A man in a suit gives a speech at an official ceremony
Andrew Forrest said his charitable foundation supports a pause in seabed mining.(ABC News: James Carmody)

Seabed mining would involve sucking up potato-sized rocks rich in battery metals that cover large areas of the seafloor at depths of 4-6 kilometers and are particularly abundant in the northern Pacific Ocean.

Seabed mining in areas beyond national jurisdiction cannot begin until the International Seabed Authority, a United Nations body based in Jamaica, decides on regulations governing the industry.

Some seabed mining already occurs in national waters, but at much shallower depths, for example off the coast of Namibia where a De Beers subsidiary mines for diamonds.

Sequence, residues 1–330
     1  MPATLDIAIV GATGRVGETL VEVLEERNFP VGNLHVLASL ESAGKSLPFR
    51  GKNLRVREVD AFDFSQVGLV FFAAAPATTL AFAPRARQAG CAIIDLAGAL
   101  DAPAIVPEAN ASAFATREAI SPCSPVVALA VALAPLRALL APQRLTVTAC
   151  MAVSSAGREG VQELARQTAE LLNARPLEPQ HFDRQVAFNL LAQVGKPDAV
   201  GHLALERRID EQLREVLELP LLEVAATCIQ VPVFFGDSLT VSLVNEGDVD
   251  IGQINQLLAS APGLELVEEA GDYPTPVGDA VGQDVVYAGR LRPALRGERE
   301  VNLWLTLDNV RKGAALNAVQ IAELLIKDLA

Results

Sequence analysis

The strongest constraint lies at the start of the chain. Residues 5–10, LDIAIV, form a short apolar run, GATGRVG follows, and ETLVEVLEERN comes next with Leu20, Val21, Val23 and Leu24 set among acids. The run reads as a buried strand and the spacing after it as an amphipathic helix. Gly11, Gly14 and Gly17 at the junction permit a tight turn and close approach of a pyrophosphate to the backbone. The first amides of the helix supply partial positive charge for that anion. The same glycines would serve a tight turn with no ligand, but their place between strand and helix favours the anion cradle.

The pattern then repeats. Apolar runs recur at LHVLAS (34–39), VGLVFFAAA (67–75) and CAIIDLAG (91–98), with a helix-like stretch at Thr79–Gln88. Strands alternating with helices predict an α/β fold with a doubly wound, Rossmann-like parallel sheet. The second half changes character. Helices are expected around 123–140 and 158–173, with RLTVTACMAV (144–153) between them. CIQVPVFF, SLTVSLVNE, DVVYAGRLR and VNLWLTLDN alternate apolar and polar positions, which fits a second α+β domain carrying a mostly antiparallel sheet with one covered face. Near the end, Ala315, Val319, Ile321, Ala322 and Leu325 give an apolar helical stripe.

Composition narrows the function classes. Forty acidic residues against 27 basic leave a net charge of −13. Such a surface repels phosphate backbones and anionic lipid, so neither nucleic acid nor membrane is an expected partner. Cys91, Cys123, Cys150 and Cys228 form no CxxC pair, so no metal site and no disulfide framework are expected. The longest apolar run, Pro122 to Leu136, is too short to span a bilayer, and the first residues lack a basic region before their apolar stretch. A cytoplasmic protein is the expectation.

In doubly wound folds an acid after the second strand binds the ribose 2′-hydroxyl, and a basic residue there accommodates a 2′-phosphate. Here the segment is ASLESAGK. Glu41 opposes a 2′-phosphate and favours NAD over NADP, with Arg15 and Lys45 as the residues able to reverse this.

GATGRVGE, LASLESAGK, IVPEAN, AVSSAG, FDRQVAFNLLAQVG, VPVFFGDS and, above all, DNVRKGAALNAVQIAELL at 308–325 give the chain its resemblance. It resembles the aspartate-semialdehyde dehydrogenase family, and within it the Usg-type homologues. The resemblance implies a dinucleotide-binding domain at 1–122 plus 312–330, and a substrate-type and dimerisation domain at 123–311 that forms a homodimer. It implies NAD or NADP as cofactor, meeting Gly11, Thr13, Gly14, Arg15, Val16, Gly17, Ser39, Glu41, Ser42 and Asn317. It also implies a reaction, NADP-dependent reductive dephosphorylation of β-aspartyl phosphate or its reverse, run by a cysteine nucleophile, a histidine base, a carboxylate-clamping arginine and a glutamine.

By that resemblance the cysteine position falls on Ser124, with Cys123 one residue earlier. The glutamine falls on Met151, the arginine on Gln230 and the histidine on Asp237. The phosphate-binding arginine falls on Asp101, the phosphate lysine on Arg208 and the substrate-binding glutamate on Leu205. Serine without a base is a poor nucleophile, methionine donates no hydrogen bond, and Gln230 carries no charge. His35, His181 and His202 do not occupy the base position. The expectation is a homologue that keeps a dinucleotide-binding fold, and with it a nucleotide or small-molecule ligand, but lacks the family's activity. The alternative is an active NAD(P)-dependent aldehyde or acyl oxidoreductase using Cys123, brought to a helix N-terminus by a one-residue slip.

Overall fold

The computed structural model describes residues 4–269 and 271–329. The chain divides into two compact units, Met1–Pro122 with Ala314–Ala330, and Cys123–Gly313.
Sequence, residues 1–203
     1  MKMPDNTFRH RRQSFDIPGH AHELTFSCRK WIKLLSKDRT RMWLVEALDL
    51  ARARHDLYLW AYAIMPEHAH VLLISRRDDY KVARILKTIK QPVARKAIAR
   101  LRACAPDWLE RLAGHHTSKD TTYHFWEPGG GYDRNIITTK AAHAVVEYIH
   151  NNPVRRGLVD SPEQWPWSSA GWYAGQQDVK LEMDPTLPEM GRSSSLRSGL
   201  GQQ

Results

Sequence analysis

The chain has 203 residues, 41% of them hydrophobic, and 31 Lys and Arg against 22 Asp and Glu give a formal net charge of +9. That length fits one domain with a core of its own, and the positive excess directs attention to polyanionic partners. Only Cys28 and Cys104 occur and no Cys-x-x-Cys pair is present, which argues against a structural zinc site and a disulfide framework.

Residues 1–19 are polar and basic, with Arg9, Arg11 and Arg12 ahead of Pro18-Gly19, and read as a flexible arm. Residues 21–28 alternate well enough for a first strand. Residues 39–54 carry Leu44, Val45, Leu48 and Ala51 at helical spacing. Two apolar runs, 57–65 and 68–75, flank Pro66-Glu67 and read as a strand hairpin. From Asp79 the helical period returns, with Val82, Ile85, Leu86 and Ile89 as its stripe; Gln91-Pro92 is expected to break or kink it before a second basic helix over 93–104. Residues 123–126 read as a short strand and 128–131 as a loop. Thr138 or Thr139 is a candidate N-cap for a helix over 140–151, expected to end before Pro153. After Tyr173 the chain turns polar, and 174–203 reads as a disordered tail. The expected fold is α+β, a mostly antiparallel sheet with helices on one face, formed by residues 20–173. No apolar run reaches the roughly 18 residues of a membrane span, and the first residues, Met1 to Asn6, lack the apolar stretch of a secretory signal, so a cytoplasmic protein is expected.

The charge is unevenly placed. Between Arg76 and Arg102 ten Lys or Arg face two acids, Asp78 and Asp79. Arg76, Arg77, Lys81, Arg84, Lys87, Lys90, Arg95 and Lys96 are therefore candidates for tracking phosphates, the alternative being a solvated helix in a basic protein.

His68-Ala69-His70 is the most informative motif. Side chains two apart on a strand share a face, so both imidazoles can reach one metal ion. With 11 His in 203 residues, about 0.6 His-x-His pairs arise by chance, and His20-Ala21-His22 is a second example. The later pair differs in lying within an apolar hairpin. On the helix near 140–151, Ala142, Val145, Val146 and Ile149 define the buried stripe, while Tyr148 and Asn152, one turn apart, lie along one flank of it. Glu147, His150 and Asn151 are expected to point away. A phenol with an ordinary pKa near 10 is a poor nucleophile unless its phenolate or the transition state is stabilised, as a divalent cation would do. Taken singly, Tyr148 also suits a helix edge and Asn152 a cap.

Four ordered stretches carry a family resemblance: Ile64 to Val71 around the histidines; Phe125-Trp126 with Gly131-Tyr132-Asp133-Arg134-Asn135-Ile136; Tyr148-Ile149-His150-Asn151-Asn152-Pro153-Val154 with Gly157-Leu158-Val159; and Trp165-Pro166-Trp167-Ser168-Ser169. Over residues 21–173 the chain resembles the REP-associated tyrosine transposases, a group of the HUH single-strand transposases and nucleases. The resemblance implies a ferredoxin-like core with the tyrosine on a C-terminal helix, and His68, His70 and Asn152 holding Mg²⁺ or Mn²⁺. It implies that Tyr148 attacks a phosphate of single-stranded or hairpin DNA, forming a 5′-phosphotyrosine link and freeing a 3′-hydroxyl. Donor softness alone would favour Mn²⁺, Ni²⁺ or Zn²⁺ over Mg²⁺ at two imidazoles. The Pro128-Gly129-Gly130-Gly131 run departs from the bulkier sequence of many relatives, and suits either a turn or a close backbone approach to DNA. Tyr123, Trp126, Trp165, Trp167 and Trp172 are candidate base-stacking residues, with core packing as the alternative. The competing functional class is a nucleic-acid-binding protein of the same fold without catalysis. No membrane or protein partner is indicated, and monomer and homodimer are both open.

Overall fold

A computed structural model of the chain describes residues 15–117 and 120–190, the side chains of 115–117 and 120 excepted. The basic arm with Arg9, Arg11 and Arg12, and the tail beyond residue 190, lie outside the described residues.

The ISA’s latest round of negotiations, which ends on Friday, has been marked by a divide among member states over whether mining should continue.

“If regulators can’t apply the exact same studies across the entire ecosystem, including flora, fauna, terrain, and unintended consequences and the same or higher standards, as we do on land, then the seabed should not be mined,” Forrest said at the COP27 conference.

Germany last week said it supported a temporary ban on deep-sea mining to allow further research, joining France, Spain and New Zealand among countries opposed to the practice.

Alternatives, such as more efficient mining methods and recycling existing metals, should be explored before seabed mining continues, Forrest said.